Pressure on agricultural land is increasing because of the current climate trends and rising demand for animal-source food. The Sustainability Consortium (TSC) currently uses the feed conversion ratio as a proxy for land-use. Our aim was to find the most appropriate indicator to measure land-use efficiency of livestock systems in practice by TSC.
A structured literature research was conducted to define land-use efficiency, to identify a list of indicators for land-use efficiency described in literature, and to select a list of criteria to evaluate these existing indicators. After the literature research, the author scored each indicator for the yielded criteria. Scores varied from 1 and 5, where feed conversion ratio (current indicator of TSC) was given a value 3 (i.e. neutral number). To find the most appropriate indicator for TSC, nine TSC researchers were asked to rank the importance of various criteria, by filling in a pairwise comparison test. An analytic hierarchy process (AHP) model was used on the pairwise comparison test to obtain weighing numbers and thereby a ranking of the criteria according to their importance for TSC researchers. Weighing numbers were applied to the evaluation score to determine the most appropriate indicator for TSC.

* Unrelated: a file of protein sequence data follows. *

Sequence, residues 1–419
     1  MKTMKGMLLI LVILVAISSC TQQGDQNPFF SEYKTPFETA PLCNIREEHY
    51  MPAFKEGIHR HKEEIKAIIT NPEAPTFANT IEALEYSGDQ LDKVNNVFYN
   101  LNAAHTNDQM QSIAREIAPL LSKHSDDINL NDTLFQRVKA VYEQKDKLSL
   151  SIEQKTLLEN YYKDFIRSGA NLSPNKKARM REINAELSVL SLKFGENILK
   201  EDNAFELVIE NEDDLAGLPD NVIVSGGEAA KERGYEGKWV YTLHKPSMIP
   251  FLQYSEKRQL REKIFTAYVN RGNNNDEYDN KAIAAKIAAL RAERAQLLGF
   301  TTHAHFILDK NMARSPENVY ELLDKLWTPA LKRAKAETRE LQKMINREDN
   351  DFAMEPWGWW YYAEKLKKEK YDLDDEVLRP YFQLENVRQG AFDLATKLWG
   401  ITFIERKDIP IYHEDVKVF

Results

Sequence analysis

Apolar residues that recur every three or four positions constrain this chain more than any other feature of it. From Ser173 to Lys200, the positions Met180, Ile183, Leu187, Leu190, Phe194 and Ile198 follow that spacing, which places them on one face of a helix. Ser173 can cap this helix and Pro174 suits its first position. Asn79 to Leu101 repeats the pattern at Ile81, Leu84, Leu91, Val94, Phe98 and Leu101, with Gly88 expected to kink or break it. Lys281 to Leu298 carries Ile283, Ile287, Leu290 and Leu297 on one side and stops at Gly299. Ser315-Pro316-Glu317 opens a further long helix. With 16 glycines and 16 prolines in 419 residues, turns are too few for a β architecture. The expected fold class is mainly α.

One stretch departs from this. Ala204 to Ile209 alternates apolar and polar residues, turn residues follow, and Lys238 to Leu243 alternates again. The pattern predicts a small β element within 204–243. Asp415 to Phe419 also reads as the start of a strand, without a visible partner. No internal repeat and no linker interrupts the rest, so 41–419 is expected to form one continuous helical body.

Land-use efficiency was defined to be the most efficient way to produce human digestible protein or energy, from a certain amount of land. The indicators finally selected were: 1) feed conversion ratio (FCR), 2) protein conversion ratio (PCR), 3) energy conversion ratio (ECR), 4) life cycle assessment (LCA), 5) ecological footprint (EF), 6) land-use ratio (LUR), whereas the following criteria were selected: relevance, validity, measurability, comprehensibility, sensitivity and reference values. The ranking of the criteria resulted in measurability, relevance, validity, comprehensibility, sensitivity and reference values respectively.
PCR is identified as the best indicator for TSC after applying the weighing numbers to the evaluation scores.
Student: AJC Henst
Supervisor: prof dr ir I de Boer